Thursday, November 22, 2012

my geology

I was stumped by a casual geologic question a while back, and I'm sure it set me back in the estimation of the other geologist (a regulator) who was asking it. In fairness to me, it wasn't my geology.

I started out doing the basic geology stuff (I was going to say "scutwork", but that's not fair or even very accurate) everyone in environmental consulting will recognize - watching drill rigs, collecting samples of all different environmental media, from rock cores to groundwater to goop sediment, doing basic contour maps and cross-sections, and writing up observations to be distilled into reports.

I found my calling when I started to write reports - how did the contamination get where it is, and where is it going? And where is it, exactly, since I'm triangulating between a couple wells at different depths that were put in as an afterthought because we thought the contamination was somewhere else when we started. In order to answer those questions, I had to know a lot about groundwater flow paths (that can be a dissertation in irregularly fractured bedrock), affinity of the contaminant to the solid material, and the geochemistry that may encourage the local bugs to degrade it into something more (or less!) innocuous.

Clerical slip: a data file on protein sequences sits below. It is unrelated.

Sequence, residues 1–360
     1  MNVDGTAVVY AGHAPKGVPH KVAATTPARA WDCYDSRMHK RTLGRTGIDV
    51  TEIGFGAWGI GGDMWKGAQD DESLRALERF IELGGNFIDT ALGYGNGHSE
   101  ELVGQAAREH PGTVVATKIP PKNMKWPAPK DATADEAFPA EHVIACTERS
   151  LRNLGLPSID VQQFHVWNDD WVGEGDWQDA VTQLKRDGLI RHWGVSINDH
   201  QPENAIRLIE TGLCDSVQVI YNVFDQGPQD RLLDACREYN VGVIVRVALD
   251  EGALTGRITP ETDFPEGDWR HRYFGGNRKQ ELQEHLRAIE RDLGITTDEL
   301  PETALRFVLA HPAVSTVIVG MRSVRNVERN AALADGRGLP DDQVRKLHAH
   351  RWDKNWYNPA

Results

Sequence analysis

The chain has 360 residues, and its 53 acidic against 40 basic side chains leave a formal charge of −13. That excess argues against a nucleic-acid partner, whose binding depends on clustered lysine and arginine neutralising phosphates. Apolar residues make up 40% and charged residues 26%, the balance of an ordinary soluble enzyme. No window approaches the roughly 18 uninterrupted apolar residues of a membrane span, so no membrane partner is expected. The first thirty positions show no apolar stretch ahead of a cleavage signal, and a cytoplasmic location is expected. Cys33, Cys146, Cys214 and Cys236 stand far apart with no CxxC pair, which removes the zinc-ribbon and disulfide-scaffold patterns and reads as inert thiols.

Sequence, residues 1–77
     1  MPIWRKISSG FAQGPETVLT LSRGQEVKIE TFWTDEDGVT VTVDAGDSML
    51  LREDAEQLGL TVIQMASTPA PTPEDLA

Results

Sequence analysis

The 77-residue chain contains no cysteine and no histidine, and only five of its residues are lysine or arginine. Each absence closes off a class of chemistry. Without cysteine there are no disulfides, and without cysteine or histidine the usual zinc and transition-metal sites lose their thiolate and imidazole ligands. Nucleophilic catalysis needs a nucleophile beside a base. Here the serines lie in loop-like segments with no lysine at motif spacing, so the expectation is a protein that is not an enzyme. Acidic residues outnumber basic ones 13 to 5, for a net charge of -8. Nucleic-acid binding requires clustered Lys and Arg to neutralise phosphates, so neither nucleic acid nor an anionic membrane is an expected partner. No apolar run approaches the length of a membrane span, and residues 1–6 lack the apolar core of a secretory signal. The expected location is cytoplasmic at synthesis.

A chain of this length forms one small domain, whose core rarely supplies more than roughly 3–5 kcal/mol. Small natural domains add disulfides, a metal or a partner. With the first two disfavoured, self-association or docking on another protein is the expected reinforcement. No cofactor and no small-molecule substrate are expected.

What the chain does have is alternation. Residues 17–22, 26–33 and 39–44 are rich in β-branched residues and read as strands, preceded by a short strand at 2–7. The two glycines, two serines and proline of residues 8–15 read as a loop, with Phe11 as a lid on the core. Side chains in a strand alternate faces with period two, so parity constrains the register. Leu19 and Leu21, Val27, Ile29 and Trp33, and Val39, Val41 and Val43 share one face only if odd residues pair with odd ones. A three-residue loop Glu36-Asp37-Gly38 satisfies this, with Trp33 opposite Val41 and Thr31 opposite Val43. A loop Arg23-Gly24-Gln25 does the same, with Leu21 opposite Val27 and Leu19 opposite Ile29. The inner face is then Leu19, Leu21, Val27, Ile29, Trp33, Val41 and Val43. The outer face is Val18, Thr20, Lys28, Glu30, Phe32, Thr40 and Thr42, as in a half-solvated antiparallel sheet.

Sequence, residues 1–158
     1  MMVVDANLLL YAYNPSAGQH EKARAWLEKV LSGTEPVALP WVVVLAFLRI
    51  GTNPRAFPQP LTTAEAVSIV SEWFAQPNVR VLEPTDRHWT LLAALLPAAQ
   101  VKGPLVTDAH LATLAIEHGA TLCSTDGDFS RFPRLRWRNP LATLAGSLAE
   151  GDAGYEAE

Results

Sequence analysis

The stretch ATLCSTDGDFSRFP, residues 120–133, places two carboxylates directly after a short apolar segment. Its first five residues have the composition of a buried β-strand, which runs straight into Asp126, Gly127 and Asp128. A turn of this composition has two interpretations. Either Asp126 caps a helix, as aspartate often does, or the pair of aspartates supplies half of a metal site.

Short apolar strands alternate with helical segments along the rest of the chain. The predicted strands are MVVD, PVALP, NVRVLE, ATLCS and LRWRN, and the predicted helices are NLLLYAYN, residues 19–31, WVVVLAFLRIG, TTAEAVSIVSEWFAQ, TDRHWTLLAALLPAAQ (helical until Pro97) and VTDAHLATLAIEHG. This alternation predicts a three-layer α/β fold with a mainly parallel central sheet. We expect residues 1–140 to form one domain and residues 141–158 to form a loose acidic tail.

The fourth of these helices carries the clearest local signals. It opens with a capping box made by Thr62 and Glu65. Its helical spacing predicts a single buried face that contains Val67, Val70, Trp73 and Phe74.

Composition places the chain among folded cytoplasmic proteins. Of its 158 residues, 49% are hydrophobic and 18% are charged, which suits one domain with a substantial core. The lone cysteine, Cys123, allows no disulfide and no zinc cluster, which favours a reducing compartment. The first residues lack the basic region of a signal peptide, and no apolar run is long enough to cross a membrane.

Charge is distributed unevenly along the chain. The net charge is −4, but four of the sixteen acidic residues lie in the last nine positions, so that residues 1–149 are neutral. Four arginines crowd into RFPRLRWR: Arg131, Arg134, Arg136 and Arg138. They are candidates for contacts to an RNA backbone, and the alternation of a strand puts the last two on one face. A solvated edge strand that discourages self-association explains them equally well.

I went to grad school to learn more about that stuff, and after I graduated, I continued to design projects to get those answers to the degree needed by the budget, the regulatory requirements, and the other resources available. Some of the knowledge I've gained has been more chemistry or biology or engineering, but a lot of it has been pure geology: geomorphology, hydrogeology, mineralogy.

One thing I don't know well is the overall structural geologic history of the areas I've worked in. Sure, I have a general sense that this material got all smushed up when a chunk of another continent smeared into the North American plate, and this major fracture bisects that unit but not the one next to it and they both were raised up and eroded and now what you see on the ground is a mess. And I know the names of the local formations, primarily because they're in reports I've read or written.

So if you're out in the field for an inspection/don't want to be in the office because it's a nice day and you think we'll be bringing up some cool rocks, and you ask me what the age of the rocks at my site are, I don't have a clue. Suggesting, "are those part of the XYZ group?" will help in that I can hem and haw about XYZ group, which I may have remembered from another report a long time ago. Doesn't mean I'm a bad geologist, just that I'm focused on something else.

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